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Does 'punishment' that doesn't harm Assad serve a purpose?

To The Daily Sun,
President Obama wants to "punish" Syrian President Assad for allegedly gassing his own people. But, will Obama's stated actions, which don't include regime change, really punish Assad, or will they more likely harm innocent people including foreigners, diplomats, or even Americans?
Has "punishment" that doesn't actually harm a nation's leaders ever resulted in policy changes? Not that I know about. If Assad falls and radical Islamists take over his gas stockpiles, the U.S. and the world are in greater danger than now.
President Obama and news sources allied with the rebels say Assad released the poison gas although they haven't explained his motive for this militarily unnecessary action. Assad, independent media, and a Russian study says the rebels (which include al Qaeda, the Muslim Brotherhood, and people who butcher captives) released the gas, perhaps hoping to blame Assad and dupe the U.S. into helping them defeat Assad.
If the evidence of Assad's guilt is strong, why can't President Obama easily get a large coalition of nations to join his "punishment" efforts?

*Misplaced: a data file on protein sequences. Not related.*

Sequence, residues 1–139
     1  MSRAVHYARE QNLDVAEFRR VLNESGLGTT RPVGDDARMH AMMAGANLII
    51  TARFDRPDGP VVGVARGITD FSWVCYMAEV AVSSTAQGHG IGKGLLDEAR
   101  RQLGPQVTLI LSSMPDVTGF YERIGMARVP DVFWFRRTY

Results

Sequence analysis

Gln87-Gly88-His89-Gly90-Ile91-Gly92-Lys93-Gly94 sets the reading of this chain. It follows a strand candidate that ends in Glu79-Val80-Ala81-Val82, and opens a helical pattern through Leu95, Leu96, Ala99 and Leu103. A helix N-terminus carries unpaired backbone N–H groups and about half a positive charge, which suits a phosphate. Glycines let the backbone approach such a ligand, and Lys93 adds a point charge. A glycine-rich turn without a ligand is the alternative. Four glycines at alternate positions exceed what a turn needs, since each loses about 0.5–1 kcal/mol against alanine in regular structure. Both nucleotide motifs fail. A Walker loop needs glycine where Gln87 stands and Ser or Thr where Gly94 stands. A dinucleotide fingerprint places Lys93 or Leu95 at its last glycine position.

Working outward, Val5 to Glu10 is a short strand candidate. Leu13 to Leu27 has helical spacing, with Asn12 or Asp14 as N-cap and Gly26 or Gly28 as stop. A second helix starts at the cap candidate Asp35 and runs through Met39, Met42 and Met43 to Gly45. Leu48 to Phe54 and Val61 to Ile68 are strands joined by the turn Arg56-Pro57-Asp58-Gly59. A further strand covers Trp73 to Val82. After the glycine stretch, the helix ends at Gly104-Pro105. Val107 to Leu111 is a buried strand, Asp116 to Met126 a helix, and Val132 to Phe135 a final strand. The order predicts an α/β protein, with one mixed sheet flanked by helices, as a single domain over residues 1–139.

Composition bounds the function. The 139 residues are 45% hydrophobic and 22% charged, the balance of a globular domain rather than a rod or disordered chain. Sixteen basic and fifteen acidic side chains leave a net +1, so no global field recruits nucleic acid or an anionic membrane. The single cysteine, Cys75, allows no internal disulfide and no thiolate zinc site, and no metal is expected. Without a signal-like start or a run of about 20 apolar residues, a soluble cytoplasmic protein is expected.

The benefits of President Obama's proposed actions against Syria seem miniscule. The possible negatives seem abundant: killing innocent people, damaging property of innocent parties, inciting military or economic retaliation by Syria or its allies increasing prices of oil and other goods, weakening our currency, and creating more terrorists who attack Americans, maybe with poison gas or other weapons of mass destruction.
While there seems little benefit from rushing to "punish" Assad, there are many benefits from delaying or not acting. We can await a thorough and factual investigation of the poison gas release. We save U.S. resources, avoid killing innocent people or damaging their property, we avoid inciting retaliation, and we avoid taking ineffective actions that make us look weak.
Delay offers the added benefit of allowing two U.S. enemies spend their resources, weaken each other, and become reduced threats to others.
Don Ewing
Meredith

 
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